You’ve got to be willing to try something new. And that comes with some fits and starts. You need to be okay with making errors. Be confident in the process. You’ll catch mistakes and correct them. In the process you’ll improve the script.
4. Don’t be perfect. Be yourself.
Find your voice. Don’t try to painstakingly craft perfect dialogue. It’ll seem stilted. You want to be good enough, not perfect. Think of your goal as being 80%. For example, you want conversational dialogue. You don’t want it to sound crafted and honed. Think about how it sounds to your ear? Keep it natural, but not boring.
Stay authentic. Steal from real life. Pattern characters after people you know. Write dialogue that’s entertaining and feels real. If you write what you know, you’ll have a lifetime’s worth of original ideas.
5. Don’t sweat the small stuff.
Some writers will write a sentence, and then start rewriting. They’re not following a plan. They’re not moving on. They’ll rewrite that sentence six different ways.
Don’t get hung up on details. Perfectionists tend to over-write everything. Remember, it’s the whole screenplay that matters, not every word. Keep the big picture in mind while you’re writing. But don’t get overwhelmed. And don’t obsess over every decision, you’ll make yourself crazy.
6. Don’t be judgmental.
Perfectionists write something, then look for flaws. They’re highly critical of their writing, and everybody else’s writing. The idea here is to take it easy on your friend’s work. Cut them some slack. And go easy on yourself.
If you’re less critical of others, you may find yourself being less critical of yourself. Be kind to yourself. Be kind to other writers. Don’t judge, yet. Leave that for the second draft.
7. Remember, nobody’s born talented.
Some people think talent is something you’re born with. They feel that you either have talent or you don’t. You can’t afford to think that way. You want to think that your writing gets better with time.
The more you practice writing, the better it will be. Keep a journal with you. When you have time, practice writing scenes. Practice writing dialogue.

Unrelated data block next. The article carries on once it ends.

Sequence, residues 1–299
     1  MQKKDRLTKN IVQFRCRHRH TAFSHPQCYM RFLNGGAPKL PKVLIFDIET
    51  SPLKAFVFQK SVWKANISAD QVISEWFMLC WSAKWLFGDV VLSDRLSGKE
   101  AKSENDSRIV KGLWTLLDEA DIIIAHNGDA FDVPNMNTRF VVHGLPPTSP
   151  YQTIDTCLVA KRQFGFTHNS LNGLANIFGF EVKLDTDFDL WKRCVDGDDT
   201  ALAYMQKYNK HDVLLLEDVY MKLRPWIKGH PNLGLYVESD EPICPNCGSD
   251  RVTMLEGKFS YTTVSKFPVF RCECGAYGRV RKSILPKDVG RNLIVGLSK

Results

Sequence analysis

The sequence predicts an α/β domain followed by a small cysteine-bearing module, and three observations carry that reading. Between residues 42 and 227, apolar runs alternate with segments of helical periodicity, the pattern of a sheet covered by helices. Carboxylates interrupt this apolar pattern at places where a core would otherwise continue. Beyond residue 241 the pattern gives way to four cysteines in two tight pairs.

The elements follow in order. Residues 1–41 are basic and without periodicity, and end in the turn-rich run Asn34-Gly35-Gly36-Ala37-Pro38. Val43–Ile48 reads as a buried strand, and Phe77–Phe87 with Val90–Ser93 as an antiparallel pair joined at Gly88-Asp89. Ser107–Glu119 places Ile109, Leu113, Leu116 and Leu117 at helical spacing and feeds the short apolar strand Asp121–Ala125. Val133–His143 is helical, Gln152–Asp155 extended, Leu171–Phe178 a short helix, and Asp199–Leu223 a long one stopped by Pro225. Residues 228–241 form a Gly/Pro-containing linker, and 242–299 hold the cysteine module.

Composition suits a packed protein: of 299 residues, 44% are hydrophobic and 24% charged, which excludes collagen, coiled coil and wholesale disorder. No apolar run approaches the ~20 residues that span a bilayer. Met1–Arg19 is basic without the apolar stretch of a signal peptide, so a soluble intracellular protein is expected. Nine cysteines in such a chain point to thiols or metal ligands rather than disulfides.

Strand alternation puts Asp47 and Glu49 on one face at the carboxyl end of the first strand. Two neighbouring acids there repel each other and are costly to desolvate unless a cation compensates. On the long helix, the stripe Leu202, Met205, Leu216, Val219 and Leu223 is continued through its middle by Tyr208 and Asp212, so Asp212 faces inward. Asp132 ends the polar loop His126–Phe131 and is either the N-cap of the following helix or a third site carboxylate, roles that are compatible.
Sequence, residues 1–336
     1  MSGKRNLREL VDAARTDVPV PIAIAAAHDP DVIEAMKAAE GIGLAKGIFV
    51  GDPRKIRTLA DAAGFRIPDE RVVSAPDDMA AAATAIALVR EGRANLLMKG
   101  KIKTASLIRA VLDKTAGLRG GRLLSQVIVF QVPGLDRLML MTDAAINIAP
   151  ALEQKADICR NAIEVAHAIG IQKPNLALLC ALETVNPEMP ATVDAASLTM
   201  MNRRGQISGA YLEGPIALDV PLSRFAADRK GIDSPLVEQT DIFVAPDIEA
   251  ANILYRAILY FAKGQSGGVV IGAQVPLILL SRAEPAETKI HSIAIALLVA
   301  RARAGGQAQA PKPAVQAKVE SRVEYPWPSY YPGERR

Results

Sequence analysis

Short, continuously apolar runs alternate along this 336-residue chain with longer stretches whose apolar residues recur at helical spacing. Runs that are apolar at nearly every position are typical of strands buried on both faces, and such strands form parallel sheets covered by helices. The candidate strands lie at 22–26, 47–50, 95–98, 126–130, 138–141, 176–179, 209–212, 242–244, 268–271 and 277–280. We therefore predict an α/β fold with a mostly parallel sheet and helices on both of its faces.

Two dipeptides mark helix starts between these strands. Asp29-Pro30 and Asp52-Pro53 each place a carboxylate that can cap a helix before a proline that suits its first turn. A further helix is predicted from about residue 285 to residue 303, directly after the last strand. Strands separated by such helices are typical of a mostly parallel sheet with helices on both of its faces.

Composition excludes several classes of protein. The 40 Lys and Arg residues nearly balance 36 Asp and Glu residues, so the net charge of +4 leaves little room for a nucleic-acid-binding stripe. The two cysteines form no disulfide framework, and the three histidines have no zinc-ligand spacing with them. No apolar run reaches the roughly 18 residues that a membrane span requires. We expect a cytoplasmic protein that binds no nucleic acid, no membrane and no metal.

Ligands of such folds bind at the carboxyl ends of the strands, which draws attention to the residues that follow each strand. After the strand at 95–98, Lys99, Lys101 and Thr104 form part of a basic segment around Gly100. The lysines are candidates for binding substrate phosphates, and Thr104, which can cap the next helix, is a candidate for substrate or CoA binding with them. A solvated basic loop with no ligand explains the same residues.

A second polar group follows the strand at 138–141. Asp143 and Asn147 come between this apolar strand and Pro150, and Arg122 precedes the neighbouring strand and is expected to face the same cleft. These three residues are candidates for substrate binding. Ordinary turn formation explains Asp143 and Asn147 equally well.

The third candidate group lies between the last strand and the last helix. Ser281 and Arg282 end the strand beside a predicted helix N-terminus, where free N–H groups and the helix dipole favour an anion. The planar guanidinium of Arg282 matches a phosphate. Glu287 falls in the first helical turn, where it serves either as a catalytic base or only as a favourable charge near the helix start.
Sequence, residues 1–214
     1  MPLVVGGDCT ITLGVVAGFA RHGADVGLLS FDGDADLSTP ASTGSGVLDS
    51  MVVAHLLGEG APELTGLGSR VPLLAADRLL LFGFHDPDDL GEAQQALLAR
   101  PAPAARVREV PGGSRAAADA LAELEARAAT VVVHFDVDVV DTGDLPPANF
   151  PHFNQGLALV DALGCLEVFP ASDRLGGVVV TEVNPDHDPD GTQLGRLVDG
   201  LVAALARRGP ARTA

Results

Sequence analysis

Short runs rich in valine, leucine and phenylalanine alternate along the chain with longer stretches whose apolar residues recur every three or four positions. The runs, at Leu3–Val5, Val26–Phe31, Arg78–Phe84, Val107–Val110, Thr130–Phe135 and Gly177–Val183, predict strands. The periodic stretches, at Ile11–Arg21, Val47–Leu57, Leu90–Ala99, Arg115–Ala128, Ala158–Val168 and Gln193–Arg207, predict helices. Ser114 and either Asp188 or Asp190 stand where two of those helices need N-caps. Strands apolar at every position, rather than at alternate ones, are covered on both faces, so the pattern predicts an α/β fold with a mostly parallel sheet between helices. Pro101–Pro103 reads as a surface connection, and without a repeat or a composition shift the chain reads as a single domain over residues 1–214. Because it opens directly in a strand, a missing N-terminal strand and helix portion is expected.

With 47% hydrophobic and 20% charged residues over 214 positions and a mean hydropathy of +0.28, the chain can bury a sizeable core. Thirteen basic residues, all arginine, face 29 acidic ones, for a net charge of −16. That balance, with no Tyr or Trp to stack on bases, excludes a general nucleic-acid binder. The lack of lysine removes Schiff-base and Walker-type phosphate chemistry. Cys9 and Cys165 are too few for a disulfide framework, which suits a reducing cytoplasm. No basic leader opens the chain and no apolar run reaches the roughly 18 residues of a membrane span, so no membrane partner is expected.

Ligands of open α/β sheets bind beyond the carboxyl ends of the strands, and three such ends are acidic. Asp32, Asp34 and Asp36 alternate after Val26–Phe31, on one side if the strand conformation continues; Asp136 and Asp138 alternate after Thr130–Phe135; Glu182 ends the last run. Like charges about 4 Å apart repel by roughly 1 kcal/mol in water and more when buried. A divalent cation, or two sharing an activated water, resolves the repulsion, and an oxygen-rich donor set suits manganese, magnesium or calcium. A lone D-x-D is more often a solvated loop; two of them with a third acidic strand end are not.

Watch how people behave. Observe them in action. Write down your observations. How do these people look, dress, and sound? Write down bits of dialogue. Your writing will improve.
8. Don’t take everything personally.
Perfectionists tend to take every setback or criticism personally. Setbacks are supposed to be part of the process. For the perfectionist, though, setbacks can stop the process. They lose confidence. They put the script away.
Don’t let setbacks kill your enthusiasm. They’re going to happen. You want to be resilient. Set the screenplay aside and come back to it in a better frame of mind.
Don’t give in to the perfectionist’s worst nightmare; thinking your errors are evidence that you “aren’t good enough.” You don’t want to lose interest in your project. You want to take another look at your outline, stay the course, and bounce back.
9. Trivialize the process.
Perfectionists tend to over-think the importance of their screenplay. They might see it as the first step in their screenwriting careers. Their expectations grow. They imagine life as a screenwriter.
All their hopes and dreams rely on writing their first screenplay. Some perfectionists will never finish one project. They’ll get bogged down with details. Especially when it feels like their entire future depends on it.
If you’re a perfectionist and you start off thinking “the rest of my life is riding on this screenplay.” If you do, every detail is going to haunt you. If you say to yourself, “I’m just moving words around on a page” the process becomes less threatening.
The “shitty first draft” is the term Anne Lamott, author of “Bird By Bird,’ came up with to trivialize the process of writing novels. You want to think, “it’s just a first draft.” Furthermore, it’s one of many. There will be dozens, maybe hundreds of screenplays in your future. So relax. And keep writing.